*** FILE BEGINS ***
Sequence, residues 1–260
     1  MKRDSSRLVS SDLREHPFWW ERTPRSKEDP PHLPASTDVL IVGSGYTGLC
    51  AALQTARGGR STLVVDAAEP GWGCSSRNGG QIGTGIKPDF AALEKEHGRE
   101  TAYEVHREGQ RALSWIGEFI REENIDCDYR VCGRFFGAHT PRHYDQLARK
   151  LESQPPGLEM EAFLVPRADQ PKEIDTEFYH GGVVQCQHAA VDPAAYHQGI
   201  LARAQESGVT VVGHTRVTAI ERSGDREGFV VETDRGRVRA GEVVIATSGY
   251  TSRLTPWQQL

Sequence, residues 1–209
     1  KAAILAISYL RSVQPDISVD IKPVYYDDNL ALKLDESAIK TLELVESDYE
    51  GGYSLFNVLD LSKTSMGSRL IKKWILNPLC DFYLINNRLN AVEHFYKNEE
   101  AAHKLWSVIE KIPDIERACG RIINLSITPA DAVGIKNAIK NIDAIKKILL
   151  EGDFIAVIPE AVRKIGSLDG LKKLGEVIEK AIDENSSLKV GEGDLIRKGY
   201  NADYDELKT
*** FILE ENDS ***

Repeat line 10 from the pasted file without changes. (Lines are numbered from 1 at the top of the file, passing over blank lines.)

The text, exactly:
    51  GGYSLFNVLD LSKTSMGSRL IKKWILNPLC DFYLINNRLN AVEHFYKNEE